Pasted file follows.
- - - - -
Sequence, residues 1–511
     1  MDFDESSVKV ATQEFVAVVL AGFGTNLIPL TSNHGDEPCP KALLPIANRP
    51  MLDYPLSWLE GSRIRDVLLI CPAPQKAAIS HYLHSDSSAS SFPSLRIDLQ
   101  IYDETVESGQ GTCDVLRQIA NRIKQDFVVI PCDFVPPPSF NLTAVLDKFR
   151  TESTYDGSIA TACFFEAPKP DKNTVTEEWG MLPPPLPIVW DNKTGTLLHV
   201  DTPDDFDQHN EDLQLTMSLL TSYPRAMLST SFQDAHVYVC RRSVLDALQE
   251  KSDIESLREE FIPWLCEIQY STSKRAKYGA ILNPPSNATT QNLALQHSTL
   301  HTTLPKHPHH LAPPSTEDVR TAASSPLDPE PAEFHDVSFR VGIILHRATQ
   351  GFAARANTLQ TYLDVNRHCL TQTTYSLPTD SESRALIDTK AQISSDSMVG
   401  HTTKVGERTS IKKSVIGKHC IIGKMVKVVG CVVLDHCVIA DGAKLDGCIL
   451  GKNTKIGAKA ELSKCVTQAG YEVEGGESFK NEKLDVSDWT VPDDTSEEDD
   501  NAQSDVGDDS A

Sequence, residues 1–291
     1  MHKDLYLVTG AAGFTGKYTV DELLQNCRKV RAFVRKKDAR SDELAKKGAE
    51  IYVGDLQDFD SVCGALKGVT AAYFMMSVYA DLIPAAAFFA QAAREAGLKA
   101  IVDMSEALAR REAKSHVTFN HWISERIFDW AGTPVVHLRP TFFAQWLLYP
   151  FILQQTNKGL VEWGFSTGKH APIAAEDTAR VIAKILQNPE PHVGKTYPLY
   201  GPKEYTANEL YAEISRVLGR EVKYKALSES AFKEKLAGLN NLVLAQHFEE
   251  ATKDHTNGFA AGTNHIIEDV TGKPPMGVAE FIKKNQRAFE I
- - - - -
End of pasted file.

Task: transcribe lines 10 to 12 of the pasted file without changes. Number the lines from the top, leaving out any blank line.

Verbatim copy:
   401  HTTKVGERTS IKKSVIGKHC IIGKMVKVVG CVVLDHCVIA DGAKLDGCIL
   451  GKNTKIGAKA ELSKCVTQAG YEVEGGESFK NEKLDVSDWT VPDDTSEEDD
   501  NAQSDVGDDS A